Saturday, March 19, 2011

Business: The Only Way Out?

Over the next ten to fifteen years, where will the majority of environmental solutions come from?  The three broad categories of problems (energy, climate change, and ecological destruction) all have similar causes at the most basic level: structural perversities in our economic and political systems. The three most glaring defects are rampant environmental externalities (who really thinks the price of oil truly reflects all the costs associated with it), state rationality vs. global rationality collective action problems (what's good for a state isn't necessarily good for the planet), and devaluing the future too heavily (high discount rates prohibit smart investment).

Government policy could theoretically do the most good by solving many of these structural problems--change the rules of the economic game and make the free market work for the environment, instead of against it. Steady-state, cradle-to-cradle, restorative, whatever you want to call it. But let's be honest, it's never going to happen, at least not completely. The politics are impossible.

The political sclerosis regarding environmental problems means that all the fascinating solutions developed by academia and policy thinkers over the past decades have little probability of being put into action anytime soon. Even if in the future popular support for radical environmentalist policies make drastic reforms politically possible, it will probably be too late to prevent major environmental changes. In all likelihood the world's environmental problems won't be prevented. Instead, adaptation will be the primary option for protecting quality of life.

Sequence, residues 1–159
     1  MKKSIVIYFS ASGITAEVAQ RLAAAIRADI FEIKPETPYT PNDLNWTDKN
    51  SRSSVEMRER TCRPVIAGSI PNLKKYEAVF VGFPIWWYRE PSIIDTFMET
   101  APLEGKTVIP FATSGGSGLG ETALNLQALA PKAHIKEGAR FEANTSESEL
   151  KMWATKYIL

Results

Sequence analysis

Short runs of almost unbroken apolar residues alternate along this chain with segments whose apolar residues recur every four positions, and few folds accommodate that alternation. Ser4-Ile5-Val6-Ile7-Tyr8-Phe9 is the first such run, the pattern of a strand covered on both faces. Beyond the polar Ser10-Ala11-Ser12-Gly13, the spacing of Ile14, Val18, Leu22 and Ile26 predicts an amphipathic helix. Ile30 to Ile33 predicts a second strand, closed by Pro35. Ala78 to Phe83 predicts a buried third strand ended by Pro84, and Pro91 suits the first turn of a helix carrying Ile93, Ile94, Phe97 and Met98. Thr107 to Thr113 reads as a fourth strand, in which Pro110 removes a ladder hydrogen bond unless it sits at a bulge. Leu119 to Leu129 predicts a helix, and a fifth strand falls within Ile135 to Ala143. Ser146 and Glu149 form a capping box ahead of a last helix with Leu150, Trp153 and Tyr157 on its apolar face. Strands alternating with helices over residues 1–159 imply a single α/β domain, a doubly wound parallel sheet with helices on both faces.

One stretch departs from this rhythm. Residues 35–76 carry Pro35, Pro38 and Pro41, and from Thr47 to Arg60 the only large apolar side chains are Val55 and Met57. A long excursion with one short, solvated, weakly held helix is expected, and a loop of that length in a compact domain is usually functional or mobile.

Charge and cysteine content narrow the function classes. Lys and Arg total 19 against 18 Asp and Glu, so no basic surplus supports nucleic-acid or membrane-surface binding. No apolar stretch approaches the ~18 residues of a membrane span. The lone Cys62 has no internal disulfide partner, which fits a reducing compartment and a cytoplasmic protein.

The world of private action (business, NGOs, research organizations, etc.) on the whole is a highly resilient, dynamic system. Individual institutions may currently be adapted to a particular political, economic, and environmental context, but as things change so will the composition of successful organizations. For example, some U.S. cities (and businesses located there) will become less attractive under future environmental conditions (think Phoenix), while others will become more attractive (Fargo?). As energy prices terminally increase, local producers of goods will become more competitive with global supply chains.

Admittedly this situation is bleak, especially regarding the implications for inequality and access to choice. Richer people will be better able to adapt to environmental problems (by moving easily, or purchasing energy- or ecologically-intensive products) than poor people. That is a profoundly unjust scenario, but as much as we'd like to prevent it, our politics just won't allow it. If somebody wants to do the most good regarding environmental issues, it seems that there are two options: change our political system (good luck), or work to develop environmental adaptations that are cheap enough to be available to everybody. That means research, technology, investment, scale, and most importantly, trial-and-error. That means business.

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